We were just about to go out somewhere for having fun, when a news about a White-rumped Sandpiper was posted via BirdGuides mobile app. As I have never seen White-rumped Sandpiper in the Western Palearctic, and it is a shorebird, it was obvious to jump to the Gibraltar Point National Nature Reserve in Lincolnshire.
Thanks to a rater slow Monday afternoon driving, we arrived late to the Tennyson’s Sands, a part of the massive nature reserve. I first went to the northern hide and spent some time alone. I enjoyed watching and listening shorebirds undisturbed. The view was something I have been dreaming about for a while. Wonderful and colourful waders were in front of the hide, including a flock of adult Dunlin, Sanderling, but also many European and Icelandic Black-tailed Godwits and a few Red Knot, all still in breeding plumage. The numbers were not big, but still it was a pleasant and tranquillizing half an hour.
I was focusing on the small Calidris group feeding in front of the hide. Counting birds also helps in the careful separation of different species. It didn’t take too long to spot a bird with different jizz. A silvery sandpiper with a horizontally elongated body, longer tail and wings popped out from the flock. I could watch them for about 15 minutes while they moved from a little muddy island to another. It was feeding intensively and stopped for preening for a few minutes only. Then, by some reason, the whole mixed flock flushed off and landed in the southern end of Tennyson’s Sands.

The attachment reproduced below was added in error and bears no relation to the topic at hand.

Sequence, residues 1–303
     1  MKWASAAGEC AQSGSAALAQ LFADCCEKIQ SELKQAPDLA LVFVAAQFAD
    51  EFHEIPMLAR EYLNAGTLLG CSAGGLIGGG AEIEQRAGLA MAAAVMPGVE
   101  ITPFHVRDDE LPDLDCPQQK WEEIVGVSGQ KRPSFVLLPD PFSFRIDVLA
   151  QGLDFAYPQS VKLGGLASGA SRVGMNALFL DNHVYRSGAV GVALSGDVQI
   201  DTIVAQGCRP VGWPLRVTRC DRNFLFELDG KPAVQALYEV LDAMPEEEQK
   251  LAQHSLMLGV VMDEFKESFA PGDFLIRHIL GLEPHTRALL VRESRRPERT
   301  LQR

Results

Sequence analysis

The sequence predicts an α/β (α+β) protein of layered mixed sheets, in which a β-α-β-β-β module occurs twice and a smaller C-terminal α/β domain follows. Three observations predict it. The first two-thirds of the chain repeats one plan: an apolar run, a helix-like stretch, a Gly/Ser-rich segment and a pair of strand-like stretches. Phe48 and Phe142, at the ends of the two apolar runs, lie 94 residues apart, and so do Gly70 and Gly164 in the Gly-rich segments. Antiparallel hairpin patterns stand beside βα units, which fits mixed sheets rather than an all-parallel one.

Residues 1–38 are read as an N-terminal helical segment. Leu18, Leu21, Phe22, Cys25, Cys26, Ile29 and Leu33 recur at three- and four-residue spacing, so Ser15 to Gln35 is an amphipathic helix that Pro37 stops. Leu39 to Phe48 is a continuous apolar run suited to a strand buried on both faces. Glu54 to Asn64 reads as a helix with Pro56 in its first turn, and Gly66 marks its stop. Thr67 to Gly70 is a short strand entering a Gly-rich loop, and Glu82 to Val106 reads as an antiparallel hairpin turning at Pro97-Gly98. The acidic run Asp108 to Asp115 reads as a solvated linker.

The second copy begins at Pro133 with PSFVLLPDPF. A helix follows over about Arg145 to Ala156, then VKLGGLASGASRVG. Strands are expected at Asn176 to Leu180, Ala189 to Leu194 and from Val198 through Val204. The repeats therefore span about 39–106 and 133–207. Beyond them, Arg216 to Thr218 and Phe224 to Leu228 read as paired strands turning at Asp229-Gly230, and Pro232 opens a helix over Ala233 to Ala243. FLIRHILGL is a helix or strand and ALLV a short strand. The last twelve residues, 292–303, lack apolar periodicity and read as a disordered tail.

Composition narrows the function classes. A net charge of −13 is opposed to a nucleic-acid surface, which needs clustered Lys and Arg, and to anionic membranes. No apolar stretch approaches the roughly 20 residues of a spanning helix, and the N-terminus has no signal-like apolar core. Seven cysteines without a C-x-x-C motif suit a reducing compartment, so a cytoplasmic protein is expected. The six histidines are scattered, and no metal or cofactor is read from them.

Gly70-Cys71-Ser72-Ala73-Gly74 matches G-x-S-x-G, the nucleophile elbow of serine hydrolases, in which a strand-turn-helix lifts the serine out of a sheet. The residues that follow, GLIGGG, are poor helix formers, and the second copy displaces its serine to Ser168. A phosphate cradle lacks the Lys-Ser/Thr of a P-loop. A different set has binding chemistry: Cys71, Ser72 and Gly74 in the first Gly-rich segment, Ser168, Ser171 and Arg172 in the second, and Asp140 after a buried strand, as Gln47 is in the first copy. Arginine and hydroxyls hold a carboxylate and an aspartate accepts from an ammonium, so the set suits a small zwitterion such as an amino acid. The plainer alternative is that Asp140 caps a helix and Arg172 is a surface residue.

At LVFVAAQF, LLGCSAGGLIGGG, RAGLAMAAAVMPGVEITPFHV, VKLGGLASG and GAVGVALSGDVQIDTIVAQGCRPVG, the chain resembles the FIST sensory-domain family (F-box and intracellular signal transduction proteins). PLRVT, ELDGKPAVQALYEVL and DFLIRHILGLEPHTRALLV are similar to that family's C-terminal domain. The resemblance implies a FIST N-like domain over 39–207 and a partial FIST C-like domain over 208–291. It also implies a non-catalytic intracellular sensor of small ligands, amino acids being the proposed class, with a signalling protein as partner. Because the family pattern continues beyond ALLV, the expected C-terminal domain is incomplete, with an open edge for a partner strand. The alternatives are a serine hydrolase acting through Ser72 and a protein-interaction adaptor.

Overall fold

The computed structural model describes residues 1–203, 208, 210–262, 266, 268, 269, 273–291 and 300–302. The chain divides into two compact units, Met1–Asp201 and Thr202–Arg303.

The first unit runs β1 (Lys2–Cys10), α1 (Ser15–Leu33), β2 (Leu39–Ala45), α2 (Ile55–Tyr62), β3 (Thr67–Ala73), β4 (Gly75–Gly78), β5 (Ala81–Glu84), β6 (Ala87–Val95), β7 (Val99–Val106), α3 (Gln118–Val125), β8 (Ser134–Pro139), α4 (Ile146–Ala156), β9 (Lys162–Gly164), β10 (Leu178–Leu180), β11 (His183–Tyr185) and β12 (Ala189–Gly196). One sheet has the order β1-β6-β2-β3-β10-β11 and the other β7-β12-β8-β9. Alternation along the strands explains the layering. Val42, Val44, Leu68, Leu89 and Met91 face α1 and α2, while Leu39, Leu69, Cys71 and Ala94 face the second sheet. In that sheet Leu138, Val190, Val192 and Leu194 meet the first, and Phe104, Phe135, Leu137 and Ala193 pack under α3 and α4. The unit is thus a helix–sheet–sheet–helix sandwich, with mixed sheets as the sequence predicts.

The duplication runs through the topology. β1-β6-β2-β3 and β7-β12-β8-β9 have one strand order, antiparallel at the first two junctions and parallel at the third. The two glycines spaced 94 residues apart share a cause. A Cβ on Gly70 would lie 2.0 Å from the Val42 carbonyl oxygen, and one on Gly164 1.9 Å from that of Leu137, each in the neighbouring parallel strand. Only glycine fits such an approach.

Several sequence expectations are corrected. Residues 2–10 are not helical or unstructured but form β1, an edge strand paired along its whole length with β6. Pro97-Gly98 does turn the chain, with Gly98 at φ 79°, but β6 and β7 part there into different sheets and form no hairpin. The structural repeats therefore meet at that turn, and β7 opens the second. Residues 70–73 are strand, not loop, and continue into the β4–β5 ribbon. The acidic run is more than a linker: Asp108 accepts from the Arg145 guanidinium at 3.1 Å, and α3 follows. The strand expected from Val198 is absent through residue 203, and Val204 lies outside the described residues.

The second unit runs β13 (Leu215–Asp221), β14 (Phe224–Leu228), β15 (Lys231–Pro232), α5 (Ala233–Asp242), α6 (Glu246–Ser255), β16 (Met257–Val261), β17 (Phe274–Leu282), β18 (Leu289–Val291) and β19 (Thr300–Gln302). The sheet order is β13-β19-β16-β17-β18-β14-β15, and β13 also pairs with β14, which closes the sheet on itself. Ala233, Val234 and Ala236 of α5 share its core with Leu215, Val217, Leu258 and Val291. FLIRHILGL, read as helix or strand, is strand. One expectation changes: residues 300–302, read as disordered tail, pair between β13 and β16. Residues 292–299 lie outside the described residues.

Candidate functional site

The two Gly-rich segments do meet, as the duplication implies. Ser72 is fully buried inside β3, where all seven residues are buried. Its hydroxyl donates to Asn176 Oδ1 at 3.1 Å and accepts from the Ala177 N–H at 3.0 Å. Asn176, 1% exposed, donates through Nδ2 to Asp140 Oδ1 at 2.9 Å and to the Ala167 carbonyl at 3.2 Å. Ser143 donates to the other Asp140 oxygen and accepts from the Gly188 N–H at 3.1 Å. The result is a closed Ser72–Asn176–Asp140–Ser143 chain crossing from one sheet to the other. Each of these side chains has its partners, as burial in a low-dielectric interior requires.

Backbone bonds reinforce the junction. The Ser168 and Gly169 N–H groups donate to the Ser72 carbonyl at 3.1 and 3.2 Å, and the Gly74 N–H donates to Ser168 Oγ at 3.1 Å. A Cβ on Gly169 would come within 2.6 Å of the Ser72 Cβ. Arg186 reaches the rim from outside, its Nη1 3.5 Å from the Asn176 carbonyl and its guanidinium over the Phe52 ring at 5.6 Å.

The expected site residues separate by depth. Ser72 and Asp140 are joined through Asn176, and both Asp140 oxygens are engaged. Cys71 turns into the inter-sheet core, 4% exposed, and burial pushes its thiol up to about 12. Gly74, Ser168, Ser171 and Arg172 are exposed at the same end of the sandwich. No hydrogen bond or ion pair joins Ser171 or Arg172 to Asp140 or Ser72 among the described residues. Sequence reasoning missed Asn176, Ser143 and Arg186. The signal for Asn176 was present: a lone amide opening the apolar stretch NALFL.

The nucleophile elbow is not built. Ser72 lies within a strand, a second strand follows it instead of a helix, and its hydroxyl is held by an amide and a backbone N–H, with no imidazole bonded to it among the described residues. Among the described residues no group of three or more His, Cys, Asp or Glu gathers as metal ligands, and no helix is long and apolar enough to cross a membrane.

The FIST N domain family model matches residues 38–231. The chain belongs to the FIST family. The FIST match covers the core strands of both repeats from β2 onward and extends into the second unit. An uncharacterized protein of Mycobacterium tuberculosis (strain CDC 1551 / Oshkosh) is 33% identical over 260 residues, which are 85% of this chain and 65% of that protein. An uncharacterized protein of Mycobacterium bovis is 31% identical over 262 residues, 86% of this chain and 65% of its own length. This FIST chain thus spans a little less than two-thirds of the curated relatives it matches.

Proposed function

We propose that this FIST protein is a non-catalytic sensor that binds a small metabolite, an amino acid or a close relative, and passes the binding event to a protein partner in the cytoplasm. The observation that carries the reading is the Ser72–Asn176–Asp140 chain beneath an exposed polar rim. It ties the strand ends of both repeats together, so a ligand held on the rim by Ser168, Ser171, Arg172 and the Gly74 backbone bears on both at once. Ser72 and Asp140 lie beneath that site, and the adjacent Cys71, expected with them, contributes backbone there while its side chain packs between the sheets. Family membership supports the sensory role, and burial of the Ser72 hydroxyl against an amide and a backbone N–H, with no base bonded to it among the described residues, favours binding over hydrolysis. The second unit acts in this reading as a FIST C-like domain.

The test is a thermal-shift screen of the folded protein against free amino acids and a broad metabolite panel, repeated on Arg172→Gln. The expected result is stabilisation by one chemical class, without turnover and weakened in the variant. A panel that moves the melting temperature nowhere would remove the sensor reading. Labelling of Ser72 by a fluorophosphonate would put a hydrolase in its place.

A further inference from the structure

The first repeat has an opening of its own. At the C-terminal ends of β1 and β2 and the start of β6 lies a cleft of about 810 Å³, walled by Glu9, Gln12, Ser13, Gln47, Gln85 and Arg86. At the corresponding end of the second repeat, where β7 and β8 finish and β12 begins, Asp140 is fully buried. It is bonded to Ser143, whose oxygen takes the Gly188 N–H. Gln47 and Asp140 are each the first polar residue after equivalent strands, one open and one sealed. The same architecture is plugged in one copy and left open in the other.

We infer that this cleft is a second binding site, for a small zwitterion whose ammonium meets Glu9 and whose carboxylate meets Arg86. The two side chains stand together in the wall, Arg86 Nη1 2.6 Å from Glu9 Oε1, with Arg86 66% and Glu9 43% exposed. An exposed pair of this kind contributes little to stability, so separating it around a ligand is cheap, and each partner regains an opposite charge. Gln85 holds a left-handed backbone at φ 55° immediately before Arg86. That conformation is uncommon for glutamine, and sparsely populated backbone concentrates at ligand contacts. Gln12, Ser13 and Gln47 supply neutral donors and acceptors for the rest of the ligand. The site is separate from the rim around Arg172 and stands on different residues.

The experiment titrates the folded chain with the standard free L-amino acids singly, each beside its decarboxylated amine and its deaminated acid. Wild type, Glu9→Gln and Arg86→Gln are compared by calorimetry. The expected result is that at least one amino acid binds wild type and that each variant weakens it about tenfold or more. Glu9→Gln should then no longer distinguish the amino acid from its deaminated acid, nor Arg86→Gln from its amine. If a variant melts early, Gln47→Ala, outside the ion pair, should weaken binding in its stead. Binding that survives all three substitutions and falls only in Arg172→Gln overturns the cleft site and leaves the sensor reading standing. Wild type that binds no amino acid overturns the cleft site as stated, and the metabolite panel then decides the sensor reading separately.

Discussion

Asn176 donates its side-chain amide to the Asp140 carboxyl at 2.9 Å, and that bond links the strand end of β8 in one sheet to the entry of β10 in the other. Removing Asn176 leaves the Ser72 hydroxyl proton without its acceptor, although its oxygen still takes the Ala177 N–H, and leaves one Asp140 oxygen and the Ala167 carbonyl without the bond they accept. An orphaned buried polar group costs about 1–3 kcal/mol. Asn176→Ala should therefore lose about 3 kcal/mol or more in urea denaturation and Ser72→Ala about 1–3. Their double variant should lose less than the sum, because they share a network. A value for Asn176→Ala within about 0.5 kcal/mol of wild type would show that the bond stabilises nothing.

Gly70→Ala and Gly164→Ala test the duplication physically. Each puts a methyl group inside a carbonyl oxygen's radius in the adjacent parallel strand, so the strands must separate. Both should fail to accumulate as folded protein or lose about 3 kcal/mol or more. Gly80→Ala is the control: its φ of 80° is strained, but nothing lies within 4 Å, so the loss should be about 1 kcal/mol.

Later the flock was relocated by a local birder, but most of the birds stayed out of view behind a larger vegetated island. As lights decreased fast I left the area, but remained satisfied what the Gibraltar Point offered me.
It’s not possible to define the origin of the vagrant White-rumped Sandpipers in Great Britain. Most probably they are coming from the Canadian Arctic, but westward movements from far northeast Siberia is also possible (like the Great Knot(s) appearance two weeks ago in Norfolk or in Poland).
Huge thanks to Shiloh Schulte for his lovely images, who recently returned back from the Arctic Canada where a group of scientists studied shorebirds. Also, thanks to BirdGuides for spreading the news.
Pied Avocet (Recurvirostra avosetta) 32
Northern Lapwing (Vanellus vanellus) 29
Common Sandpiper (Actitis hypoleucos) 4
Green Sandpiper (Tringa ochropus) 1
Common Greenshank (Tringa nebularia) 1
Common Redshank (Tringa totanus) 6
Whimbrel (Numenius phaeopus) 3
Black-tailed Godwit (Limosa limosa) 159
Red Knot (Calidris canutus) 5
Sanderling (Calidris alba) 19
Dunlin (Calidris alpina) 46
White-rumped Sandpiper (Calidris fuscicollis) 1 ad
Common Snipe (Gallinago gallinago) 6
Update: the other morning the sandpiper was found again with another rare shorebird, a Broad-billed Sandpiper!